Economics Dictionary of Arguments

Home Screenshot Tabelle Begriffe

Perfectionism: Perfectionism in political philosophy advocates for societal goals or values aiming at achieving an ideal conception of human excellence or flourishing. It asserts that governments should actively promote specific conceptions of the good life, fostering conditions that enable individuals to reach their highest potential. See also Society, Perfection, Politics.
Annotation: The above characterizations of concepts are neither definitions nor exhausting presentations of problems related to them. Instead, they are intended to give a short introduction to the contributions below. – Lexicon of Arguments.

Author Concept Summary/Quotes Sources

Joseph Raz on Perfectionism - Dictionary of Arguments

Gaus I 416
Perfectionsm/Raz/Weinstein: For Raz following the new liberals, rights equalize opportunities for acting autonomously. Rights are necessary though insufficient conditions for achieving autonomy.
Furthermore, these conditions must be redistributively robust if citizens are to enjoy meaningful opportunities to make the best of themselves. Cf. >Self-realization/Hobhouse.
Hence, as with new liberals (and liberal utilitarians), rights indirectly promote good. Governments can't make citizens good but governments should indirectly encourage them to make themselves good by providing appropriate opportunities. Hence, politics can, and should be, perfectionist:
‚The autonomy principle permits and even requires governments to create morally valuable opportunities, and to eliminate repugnant ones. Does not that show that it is incompatible with (Mill's) harm principle? ...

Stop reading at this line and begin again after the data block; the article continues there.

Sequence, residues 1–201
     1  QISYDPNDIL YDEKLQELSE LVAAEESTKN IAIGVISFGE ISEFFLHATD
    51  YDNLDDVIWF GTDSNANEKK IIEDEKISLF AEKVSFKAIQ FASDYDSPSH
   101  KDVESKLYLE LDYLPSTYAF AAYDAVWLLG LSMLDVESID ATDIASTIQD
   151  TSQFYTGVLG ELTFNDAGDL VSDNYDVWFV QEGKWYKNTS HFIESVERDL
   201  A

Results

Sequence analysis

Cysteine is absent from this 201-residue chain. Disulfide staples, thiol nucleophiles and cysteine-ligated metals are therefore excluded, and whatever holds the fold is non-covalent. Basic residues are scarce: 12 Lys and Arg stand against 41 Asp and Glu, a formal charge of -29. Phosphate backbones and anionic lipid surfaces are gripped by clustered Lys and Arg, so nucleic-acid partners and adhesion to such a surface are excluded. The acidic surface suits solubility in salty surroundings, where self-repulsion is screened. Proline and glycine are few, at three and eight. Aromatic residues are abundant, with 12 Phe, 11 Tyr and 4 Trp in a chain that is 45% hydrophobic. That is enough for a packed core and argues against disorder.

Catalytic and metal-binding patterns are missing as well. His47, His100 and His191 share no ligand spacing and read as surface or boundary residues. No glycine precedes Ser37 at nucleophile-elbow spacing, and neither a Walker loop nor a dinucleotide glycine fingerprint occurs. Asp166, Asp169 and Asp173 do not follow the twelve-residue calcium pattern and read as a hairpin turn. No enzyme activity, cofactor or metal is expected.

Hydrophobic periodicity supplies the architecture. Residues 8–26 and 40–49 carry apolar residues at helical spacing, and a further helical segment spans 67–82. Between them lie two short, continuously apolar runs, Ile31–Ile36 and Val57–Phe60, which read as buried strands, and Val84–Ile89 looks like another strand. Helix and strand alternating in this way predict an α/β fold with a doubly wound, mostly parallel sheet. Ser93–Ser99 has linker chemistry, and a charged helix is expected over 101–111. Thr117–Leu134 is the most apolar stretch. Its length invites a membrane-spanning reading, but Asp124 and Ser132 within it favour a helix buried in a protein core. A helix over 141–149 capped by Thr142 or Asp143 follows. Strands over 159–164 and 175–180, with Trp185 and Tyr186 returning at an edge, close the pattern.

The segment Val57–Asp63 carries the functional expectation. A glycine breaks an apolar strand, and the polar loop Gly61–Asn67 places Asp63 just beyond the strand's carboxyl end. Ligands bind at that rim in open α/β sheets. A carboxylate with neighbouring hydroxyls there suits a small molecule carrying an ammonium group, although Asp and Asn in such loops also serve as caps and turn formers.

Perfectionist goals need not be pursued by the use of coercion. A government that subsidizes certain activities, rewards their pursuit, and advertises their availability encourages those activities without using coercion.‘ (1986(1): 417)
Weinstein: In other words, we are duty bound to provide fellow citizens with the conditions of autonomy as long as we don't harm them. Coercing citizens into leading valuable lives harms them whereas providing valuable options for all harms no one.

1. Raz, Joseph (1986) The Morality of Freedom. Oxford: Oxford University Press.

Weinstein, David 2004. „English Political Theory in the Nineteenth and Twentieth Century“. In: Gaus, Gerald F. & Kukathas, Chandran 2004. Handbook of Political Theory. SAGE Publications

Explanation of symbols: Roman numerals indicate the source, arabic numerals indicate the page number. The corresponding books are indicated on the right hand side. ((s)…): Comment by the sender of the contribution. Translations: Dictionary of Arguments
The note [Concept/Author], [Author1]Vs[Author2] or [Author]Vs[term] resp. "problem:"/"solution:", "old:"/"new:" and "thesis:" is an addition from the Dictionary of Arguments. If a German edition is specified, the page numbers refer to this edition.
Raz, Joseph
Gaus I
Gerald F. Gaus
Chandran Kukathas
Handbook of Political Theory London 2004

Send Link
> Counter arguments against Raz
> Counter arguments in relation to Perfectionism

Authors A   B   C   D   E   F   G   H   I   J   K   L   M   N   O   P   Q   R   S   T   U   V   W   Z  

Concepts A   B   C   D   E   F   G   H   I   J   K   L   M   N   O   P   Q   R   S   T   U   V   W   Z